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[Fraud Trends Series] Trend #9: Social Security and Retirement Fraud

[Fraud Trends Series] Trend #9: Social Security and Retirement Fraud

Senior Director of Strategic Alliances
LexisNexis Risk Solutions - Government

Social Security numbers can be likened to the “Golden Ticket” that gets Charlie into Willy Wonka’s Chocolate Factory. Identity thieves love them because these 9-digit numbers can be used to obtain credit cards or other loans, open bank accounts, apply for a job, file and collect fraudulent tax refunds, and receive several different types of Social Security benefits, just to name a few.

While the Social Security Administration (SSA) is best known for its monthly payments to retirees, the agency also runs several other programs including survivor benefits for widows, widowers, and dependents of eligible workers. The goal of the Old-Age, Survivors, and Disability Insurance (OASDI) program is to replace income that is lost due to old age, death of a spouse, or qualifying ex-spouse, or disability. Social Security Disability Insurance (SSDI) is for people with disabilities and Supplemental Security Income (SSI) is designed for aged, blind, and disabled people who have limited income and financial resources. (These programs are favorite targets of fraudsters who enjoy stealing benefits they don’t deserve.)

Some of the most common ways fraudsters are committing Social Security fraud today include:

  • Making false statements on a claim.
  • Concealing facts or events that affect eligibility for benefits.
  • Misusing benefits by a representative payee.
  • Failing to notify the agency of a beneficiary’s death while continuing to receive the deceased person’s benefits.
  • Buying or selling real or fake Social Security cards or numbers.
  • Filing claims under another person’s Social Security Number (SSN).
  • Impersonating an SSA employee.

There is no shortage of news on Social Security fraud. Take for example, Fernando Arroyo-Alonso, a 59-year-old Mexican citizen who was sentenced to one year and one day in prison for stealing the identity of a disabled U.S. veteran and using his SSN. Arroyo-Alonso applied for Title XVI Supplemental Security Income benefits and used the veteran’s personal information to obtain an Ohio’s driver’s license. He used the victim’s identity for almost twenty years and racked up quite a criminal record including convictions on drug, gun, and reckless driving charges. (Leaving that poor victim quite the mess to clean up, for sure.)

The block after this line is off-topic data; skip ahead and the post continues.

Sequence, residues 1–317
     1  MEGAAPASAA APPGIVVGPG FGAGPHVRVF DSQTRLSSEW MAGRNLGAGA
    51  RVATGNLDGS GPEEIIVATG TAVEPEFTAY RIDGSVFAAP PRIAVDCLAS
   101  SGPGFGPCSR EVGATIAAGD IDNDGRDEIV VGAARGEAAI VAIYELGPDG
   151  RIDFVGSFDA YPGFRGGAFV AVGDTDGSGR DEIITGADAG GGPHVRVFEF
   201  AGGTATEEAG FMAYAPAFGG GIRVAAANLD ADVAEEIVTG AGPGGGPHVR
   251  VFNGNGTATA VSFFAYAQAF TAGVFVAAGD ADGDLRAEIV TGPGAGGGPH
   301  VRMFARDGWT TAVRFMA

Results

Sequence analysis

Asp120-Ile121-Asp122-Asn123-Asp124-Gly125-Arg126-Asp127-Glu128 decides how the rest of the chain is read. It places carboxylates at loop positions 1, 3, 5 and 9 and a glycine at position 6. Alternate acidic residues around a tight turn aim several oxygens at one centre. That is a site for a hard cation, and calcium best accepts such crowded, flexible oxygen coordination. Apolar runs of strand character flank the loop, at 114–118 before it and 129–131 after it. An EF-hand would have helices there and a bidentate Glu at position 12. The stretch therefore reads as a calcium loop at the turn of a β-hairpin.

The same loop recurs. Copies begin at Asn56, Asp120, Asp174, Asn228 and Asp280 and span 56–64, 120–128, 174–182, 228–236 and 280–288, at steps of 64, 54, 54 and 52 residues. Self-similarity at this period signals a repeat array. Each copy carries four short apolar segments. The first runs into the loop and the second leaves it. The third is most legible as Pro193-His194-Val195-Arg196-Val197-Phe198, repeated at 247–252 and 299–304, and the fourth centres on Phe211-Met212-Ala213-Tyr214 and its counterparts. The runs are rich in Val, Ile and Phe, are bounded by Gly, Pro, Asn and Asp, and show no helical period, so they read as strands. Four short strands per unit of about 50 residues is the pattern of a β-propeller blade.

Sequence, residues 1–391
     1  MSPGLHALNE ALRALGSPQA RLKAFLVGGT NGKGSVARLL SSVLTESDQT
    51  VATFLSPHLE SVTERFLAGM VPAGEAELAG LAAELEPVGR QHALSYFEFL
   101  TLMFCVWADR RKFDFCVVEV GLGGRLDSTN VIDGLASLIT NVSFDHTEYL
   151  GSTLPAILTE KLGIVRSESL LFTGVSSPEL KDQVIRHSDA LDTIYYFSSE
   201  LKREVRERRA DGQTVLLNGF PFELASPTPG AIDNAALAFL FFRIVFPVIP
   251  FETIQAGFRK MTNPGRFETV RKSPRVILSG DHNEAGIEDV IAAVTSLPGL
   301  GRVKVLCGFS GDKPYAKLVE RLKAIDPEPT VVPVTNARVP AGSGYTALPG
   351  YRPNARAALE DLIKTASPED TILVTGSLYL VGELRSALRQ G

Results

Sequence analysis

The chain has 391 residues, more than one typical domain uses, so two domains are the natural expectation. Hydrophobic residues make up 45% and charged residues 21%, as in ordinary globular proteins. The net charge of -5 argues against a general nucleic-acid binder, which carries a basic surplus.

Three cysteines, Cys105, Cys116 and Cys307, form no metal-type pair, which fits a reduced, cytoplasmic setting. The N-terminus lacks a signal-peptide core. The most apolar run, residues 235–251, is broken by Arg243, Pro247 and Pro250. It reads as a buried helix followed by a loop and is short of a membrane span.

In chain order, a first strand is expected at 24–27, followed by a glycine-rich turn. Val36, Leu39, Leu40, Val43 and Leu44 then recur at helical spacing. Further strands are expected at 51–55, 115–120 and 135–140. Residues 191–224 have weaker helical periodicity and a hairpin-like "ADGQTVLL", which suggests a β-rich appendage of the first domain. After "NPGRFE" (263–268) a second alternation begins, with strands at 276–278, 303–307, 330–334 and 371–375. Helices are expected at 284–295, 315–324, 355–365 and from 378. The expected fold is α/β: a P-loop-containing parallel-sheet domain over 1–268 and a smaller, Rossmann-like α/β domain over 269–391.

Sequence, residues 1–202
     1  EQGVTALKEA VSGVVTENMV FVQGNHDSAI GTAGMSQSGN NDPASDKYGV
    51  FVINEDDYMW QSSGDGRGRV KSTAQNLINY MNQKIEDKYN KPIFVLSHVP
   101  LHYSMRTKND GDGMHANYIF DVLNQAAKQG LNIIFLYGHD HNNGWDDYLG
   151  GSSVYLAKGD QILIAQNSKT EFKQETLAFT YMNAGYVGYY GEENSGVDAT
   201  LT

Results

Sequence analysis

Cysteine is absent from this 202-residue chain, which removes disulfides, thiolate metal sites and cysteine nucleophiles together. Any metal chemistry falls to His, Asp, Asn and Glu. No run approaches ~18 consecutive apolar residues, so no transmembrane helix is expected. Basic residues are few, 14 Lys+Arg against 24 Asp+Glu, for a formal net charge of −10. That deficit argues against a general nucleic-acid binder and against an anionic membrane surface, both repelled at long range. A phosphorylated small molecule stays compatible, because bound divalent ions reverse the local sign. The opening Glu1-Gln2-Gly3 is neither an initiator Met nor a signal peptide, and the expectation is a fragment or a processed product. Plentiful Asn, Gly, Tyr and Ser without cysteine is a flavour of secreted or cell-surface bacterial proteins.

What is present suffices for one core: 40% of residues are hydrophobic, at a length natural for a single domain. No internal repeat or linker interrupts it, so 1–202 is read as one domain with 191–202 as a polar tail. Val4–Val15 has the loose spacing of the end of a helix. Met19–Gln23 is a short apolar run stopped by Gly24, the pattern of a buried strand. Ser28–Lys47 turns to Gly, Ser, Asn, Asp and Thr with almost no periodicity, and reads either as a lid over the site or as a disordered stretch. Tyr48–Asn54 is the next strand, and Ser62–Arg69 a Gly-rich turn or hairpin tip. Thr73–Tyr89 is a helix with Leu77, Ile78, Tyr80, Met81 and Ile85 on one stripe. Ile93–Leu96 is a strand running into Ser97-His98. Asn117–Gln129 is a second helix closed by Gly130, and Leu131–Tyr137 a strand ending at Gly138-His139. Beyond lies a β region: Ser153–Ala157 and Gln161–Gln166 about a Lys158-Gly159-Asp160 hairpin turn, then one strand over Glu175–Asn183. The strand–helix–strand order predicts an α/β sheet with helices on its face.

In a more grotesque case of Social Security fraud, Logansport, Ind., resident Jason Beebout, 44, was sentenced to 13 years in the Indiana Department of Correction for failure to report the death of his mother-in-law, fraud, welfare fraud and burglary. (Police found the decayed body of Cynthia Newman, 65, in her home during a welfare check. Beebout and Newman’s daughter also lived there.) Beebout and his wife made unauthorized transactions from Newman’s bank account and used her Social Security and retirement benefits. (She had been dead for over a year.) It is interesting to note that Beebout burglarized his mother-in-law’s home, as revealed by DNA evidence. (I’ve hear of dysfunctional families before, but this one takes the cake.)

There are many ways to commit Social Security fraud, but the Federal Trade Commission (FTC) reports that 36,273 incidences involving imposter scams occurred in 2021 alone, costing American taxpayers $19.77 million. Scammers love to pretend they are government employees. Sometimes they threaten their victims and demand immediate payment to avoid arrest or legal action. Don’t be fooled.

If you receive a suspicious call, text, or email, there are several things you can do: 1) hang up; 2) don’t return unknown calls, texts, or emails; 3) do not give money or personal information; and, 4) report the scam to the Office of the Inspector General (OIG) through their dedicated online form. The SSA also offers these suggestions for avoiding becoming a victim of Social Security fraud and Identity Theft.


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